Opinion: increase upfront infrastructure funding to kick start our economy

By Tomas Nohel

Wednesday June 24, 2020

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Prior to the COVID-19 pandemic, Australia was in the midst of an infrastructure boom with an impressive pipeline of projects, many of which came to a grinding halt. Traditionally, construction has played a pivotal role in reviving economic health, and with nearly one in 10 people employed in the construction sector, it will be no different this time around. The prime minister’s recent announcement of an $1.5 billion infrastructure injection to fast-track 15 major projects supports this view and is important for supporting over 66,000 jobs.

While a sustained medium-to-longer-term pipeline is important to maintain buoyancy in the construction sector, the key in the immediate term is in having funding allocated and shovel-ready projects moved through construction delivery as swiftly and efficiently as possible. So how do we accelerate the activation of infrastructure stimulus packages and get the right investment in infrastructure to the market fast?

Historically, governments evaluate projects through detailed business cases which focus on analysing the strategic merit for a proposed project, including defining the fundamental issue, to formulate the optimal response before exploring project options. However, these unprecedented times have resulted in a consensus on the need for rapid infrastructure investment while providing risk identification and management, appropriate project governance, procurement strategies and where relevant exit strategies.

There are a few options we can consider, individually or in combination, to accelerate projects from planning to construction while upholding required due diligence such as:

  • Picking the ‘low hanging fruit’ — activating projects that were previously ‘merited’ but did not eventuate, with due diligence emphasis on the implementation strategy
  • Removing bottle necks — scaling up the capacity with teams to process and review new initiatives with shorter time frames and a stronger emphasis on resourcing in the project planning stages
  • Packaging — developing programs of work with a single merit test that can be applied to multiple implementation strategies
  • Maximising economic impact — where appropriate prioritise maintenance investment (near instant economic impact with new jobs), particularly useful to sustain regional economies during slow down
  • Tailoring — understand the level of risk and tailor due diligence accordingly (this comes with experience and industry knowledge) and apply short-form business case for smaller investments (e.g. scale the level of due diligence to the size of the project).

There is no better time than now to streamline and scale up investment decision-making to get funding allocated and construction underway as soon as possible. Increased upfront investment in project development capacity will enable faster processing without impacting the quality of assessment. While this process doesn’t exclude any risk, it enables an intelligent assessment of a project while measuring the impact of delayed decision-making or inaction. Recent major transport initiatives delivered in Melbourne recognised the need to scale up, and managed to withstand unprecedented pace in a complex operating environment, sustaining the social license in the process.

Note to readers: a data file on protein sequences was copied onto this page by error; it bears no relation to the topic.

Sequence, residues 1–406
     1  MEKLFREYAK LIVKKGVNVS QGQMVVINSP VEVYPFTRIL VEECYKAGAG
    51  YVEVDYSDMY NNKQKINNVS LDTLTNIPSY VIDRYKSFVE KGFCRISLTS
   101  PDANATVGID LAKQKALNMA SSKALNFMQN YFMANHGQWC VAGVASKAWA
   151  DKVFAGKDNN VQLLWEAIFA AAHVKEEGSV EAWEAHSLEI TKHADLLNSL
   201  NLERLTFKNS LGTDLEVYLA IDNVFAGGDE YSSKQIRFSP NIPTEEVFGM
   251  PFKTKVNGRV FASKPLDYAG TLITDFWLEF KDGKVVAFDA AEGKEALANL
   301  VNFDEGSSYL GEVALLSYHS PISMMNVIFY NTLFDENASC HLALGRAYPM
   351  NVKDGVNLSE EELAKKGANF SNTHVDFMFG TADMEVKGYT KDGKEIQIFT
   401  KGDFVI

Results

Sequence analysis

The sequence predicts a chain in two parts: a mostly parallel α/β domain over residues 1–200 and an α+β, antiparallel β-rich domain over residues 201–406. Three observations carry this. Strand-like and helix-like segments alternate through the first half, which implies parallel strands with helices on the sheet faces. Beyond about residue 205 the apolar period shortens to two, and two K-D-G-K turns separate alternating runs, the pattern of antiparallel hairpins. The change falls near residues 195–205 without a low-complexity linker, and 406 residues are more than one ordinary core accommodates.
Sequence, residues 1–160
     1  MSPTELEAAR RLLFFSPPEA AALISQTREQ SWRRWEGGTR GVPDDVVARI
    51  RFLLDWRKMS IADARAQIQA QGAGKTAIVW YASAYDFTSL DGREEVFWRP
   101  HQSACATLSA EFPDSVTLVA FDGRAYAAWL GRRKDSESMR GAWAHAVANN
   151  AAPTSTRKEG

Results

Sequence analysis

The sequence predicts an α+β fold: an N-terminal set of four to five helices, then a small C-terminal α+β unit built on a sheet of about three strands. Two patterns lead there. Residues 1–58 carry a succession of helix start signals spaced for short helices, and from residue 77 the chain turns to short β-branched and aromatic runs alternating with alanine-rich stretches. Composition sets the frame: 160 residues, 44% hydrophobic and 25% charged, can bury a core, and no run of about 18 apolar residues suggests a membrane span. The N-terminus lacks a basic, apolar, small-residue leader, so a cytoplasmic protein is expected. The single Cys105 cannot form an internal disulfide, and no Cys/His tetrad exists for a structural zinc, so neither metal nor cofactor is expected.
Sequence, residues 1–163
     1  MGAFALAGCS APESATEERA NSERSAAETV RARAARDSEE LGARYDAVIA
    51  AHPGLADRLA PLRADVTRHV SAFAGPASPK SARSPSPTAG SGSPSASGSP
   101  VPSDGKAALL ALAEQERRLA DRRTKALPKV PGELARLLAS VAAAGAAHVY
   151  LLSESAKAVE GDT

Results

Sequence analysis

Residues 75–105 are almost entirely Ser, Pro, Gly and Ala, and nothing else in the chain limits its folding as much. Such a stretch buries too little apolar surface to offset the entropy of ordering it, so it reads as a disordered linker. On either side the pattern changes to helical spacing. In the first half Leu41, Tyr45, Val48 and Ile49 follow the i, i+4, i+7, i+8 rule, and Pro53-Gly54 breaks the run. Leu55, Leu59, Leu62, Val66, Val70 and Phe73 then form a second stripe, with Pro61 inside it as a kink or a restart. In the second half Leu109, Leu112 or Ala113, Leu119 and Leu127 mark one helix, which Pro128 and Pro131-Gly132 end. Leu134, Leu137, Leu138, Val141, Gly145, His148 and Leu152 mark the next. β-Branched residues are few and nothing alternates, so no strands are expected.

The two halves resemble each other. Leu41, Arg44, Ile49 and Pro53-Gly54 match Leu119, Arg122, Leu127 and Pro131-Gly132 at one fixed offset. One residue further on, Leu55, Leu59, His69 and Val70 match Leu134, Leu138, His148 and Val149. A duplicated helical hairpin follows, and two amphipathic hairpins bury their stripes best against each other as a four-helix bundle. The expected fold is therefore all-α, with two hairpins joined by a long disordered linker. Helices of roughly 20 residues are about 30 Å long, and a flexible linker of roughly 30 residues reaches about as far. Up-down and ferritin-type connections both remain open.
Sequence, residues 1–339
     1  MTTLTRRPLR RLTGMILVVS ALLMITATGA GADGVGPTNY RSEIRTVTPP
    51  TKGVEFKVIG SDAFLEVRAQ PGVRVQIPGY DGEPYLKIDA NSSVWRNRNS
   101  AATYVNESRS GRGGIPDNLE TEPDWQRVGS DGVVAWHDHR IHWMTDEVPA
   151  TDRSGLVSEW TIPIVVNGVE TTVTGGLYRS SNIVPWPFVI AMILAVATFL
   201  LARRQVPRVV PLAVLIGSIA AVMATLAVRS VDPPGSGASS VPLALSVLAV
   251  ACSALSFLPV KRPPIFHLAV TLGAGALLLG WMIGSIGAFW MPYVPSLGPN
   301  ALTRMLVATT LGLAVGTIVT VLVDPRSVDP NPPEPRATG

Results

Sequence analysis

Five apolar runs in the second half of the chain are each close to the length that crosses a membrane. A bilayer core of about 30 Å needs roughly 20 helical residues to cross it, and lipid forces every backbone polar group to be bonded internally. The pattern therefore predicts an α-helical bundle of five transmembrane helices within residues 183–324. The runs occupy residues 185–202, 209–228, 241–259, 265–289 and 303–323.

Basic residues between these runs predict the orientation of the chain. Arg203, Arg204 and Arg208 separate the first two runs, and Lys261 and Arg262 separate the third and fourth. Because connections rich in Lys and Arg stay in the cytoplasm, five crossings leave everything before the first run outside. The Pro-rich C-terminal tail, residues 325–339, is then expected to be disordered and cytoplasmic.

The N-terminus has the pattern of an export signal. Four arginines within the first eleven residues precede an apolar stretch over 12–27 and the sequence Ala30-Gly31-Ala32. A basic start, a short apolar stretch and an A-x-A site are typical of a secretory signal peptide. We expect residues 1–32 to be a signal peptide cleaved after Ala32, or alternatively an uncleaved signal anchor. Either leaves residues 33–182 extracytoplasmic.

Focusing on the following areas will help to change the emphasis of the investment argument for a project:

This is particularly beneficial in the case of smaller-scale projects which present the opportunity to get some quick wins with smaller scale projects that are ready to go to kick start our economy, while working on the implementation strategies for the larger longer-term investment opportunities. Tailoring the level of complexity to the task is also important. This was demonstrated with the recent Rosebud Aquatic Centre that was successfully developed and funded and is now being delivered without a hick-up during COVID disruption.

While larger projects are important for long-term economic benefit, they take longer to ‘get off the ground’ and our regional economies aren’t likely to reap the same benefits from them as major cities. Additionally, smaller projects in regional economies are a viable focus area because most councils already have a suite of infrastructure projects, mainly in the maintenance space that could provide locals with much needed jobs at this uncertain time.

In the current climate, implementation plans will be the key to success because in recent years an estimated $30 billion in infrastructure investment has been lost due to project delays, cancellations, or mothballing caused partly by community opposition. According to Elizabeth Foley, Australian Institute of Project Management CEO, “While money needs to be spent on projects that will boost the economy, at the same time we want to ensure that the money is spent efficiently”.

To avoid unintended impacts, focus areas for these business cases should be around de-risking projects and assessing environmental impacts to minimise any adverse impacts in delivery, in particular time delays due to unforeseen approvals or worse still, re-design. Short form business cases address these aspects by focusing on the implementation strategy and risks, governance and project management strategy.

Tomas Nohel is an experienced infrastructure development practitioner with over 20 years functional experience in strategy, infrastructure planning, options assessment and economic evaluation, policy development, business case development and commercial assessment.

 

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